Here, the City has failed to meet either prong of the standard. First, Ellis's tax returns are not relevant to his action. He is not claiming lost wages or other losses related to his income. While the City argues that the tax returns would be "useful" for purposes of impeachment, this does not make them relevant to the subject matter of the action. In addition, while the City alleges that Ellis has used different aliases and dates of birth, they do not offer any evidence that his tax returns will support this allegation. Rather, it simply suggests that all information has become "suspect" in light of Ellis's criminal history. The City has failed to demonstrate the relevance of the tax returns to the instant action. Second, the City has also failed to establish a compelling need for the information. It does not assert that it needs the financial information contained in the returns, but instead that it wants to investigate whether Ellis used aliases or alternate dates of birth on his tax returns. Because the City already has documentation of the aliases and dates of birth, which it will presumably attempt to use for impeachment purposes, it fails to demonstrate a compelling need for Ellis's tax returns, which have only the potential of containing similar information. Therefore, Ellis's motion to quash the City's subpoena for Ellis's tax returns is GRANTED.

The City's attempt to obtain Ellis's tax records is also untimely. Had the City properly requested the records during discovery, the appropriate remedy would have been to file a motion to compel, and not issue a subpoena after the close of discovery. Whether or not the City's verbal request during deposition was sufficient is questionable, but the lack of diligence in failing to either follow up on the request or move to compel makes the current request untimely.

C. Motion to Compel Release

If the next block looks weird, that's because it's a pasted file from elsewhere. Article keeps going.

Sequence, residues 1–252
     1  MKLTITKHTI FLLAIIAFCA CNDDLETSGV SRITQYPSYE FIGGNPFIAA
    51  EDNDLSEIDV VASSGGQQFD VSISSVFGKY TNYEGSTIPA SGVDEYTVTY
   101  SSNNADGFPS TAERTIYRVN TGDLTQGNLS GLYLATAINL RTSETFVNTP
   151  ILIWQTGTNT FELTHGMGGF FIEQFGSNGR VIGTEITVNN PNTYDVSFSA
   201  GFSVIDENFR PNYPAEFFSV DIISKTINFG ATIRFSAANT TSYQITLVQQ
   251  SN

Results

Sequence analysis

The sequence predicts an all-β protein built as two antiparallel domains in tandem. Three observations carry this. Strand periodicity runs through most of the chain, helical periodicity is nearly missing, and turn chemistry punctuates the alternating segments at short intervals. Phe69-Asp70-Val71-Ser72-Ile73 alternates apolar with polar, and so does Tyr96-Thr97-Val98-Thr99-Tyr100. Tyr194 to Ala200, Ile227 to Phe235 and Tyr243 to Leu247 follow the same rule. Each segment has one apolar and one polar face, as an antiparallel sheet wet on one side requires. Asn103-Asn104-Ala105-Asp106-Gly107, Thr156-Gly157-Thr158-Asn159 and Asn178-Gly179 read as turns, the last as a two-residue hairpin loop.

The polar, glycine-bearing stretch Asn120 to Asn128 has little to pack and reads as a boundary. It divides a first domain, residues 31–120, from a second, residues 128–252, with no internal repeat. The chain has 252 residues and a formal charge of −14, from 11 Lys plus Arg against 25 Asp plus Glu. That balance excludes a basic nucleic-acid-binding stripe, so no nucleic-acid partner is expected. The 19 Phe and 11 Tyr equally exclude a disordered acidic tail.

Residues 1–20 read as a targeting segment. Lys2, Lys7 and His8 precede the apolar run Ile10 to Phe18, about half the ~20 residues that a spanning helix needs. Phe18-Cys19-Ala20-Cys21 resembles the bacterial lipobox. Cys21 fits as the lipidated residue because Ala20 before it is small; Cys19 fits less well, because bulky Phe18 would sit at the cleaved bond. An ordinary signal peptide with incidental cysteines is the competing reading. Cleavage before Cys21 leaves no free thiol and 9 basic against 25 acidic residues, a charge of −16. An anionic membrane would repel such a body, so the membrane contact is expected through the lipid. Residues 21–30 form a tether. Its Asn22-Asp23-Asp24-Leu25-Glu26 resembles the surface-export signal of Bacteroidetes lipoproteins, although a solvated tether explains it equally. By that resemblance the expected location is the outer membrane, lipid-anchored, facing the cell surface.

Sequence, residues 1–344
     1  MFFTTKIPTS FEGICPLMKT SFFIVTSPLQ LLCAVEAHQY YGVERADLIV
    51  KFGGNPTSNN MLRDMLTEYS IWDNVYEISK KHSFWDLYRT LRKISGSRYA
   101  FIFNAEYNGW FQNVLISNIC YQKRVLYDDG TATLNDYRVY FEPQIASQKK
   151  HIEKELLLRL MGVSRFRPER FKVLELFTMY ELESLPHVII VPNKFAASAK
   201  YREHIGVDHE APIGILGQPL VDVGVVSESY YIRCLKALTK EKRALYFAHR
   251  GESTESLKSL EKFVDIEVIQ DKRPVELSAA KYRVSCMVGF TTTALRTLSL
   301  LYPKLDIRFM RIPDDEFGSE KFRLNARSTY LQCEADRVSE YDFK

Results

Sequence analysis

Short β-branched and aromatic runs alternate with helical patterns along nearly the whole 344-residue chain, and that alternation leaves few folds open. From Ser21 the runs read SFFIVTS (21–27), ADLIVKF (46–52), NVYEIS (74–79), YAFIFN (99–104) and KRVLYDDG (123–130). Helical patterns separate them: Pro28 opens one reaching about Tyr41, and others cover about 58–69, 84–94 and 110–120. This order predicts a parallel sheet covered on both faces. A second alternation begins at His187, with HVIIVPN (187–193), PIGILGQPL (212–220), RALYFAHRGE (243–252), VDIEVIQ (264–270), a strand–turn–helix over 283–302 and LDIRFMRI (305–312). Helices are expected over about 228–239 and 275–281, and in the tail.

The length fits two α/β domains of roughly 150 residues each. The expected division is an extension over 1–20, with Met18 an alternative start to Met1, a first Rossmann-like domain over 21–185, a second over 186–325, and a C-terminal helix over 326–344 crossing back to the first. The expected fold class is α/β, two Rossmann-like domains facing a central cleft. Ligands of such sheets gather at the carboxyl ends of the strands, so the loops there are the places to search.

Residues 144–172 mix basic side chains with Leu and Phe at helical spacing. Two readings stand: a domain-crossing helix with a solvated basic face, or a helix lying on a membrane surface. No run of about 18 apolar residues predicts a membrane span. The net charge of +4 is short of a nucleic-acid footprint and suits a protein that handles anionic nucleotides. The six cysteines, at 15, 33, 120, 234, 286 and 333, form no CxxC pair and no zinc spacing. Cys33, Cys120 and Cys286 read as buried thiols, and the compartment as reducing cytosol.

In order to grant the City's motion to compel Ellis to sign releases allowing it to obtain his sealed arrest records, it must demonstrate good cause for its failure to comply with the scheduling order. The issue is not whether the information is relevant, and thus discoverable, but rather whether the City could have reasonably been expected to seek the information during the time allotted for discovery. Here, Ellis alleged both emotional and physical injuries arising out of his arrest and detention in his initial complaint, which was filed on June 22, 2006. Initial Complaint ¶¶ 13, 18. Ellis then reiterated these claims in his first amended complaint filed on January 11, 2007. Compl. ¶¶ 14, 19. The City was on notice of these claims, and the potential relevance of Ellis's arrest record. While the City asserts that it should not be faulted for being untimely because it was relying on Ellis's representations about his criminal history, its alleged reliance is not convincing. Parties make many representations during discovery, but the other party is not required to accept those representations in lieu of discovery. Had the City moved to compel Ellis to sign releases during discovery, Ellis certainly could not have relied on his representation to defeat discovery requests on this topic. Indeed it is inconceivable to the Court that had the circumstances been reversed, and Ellis had sought to prevent discovery because he had already testified about arrests, that the city would "rely" on this representation. The City fails to demonstrate sufficient good cause to justify allowing additional discovery at this late stage in the case, after the submission of the joint pretrial order, joint jury instructions and proposed voir dire questions. Therefore, the City's motion to compel is DENIED.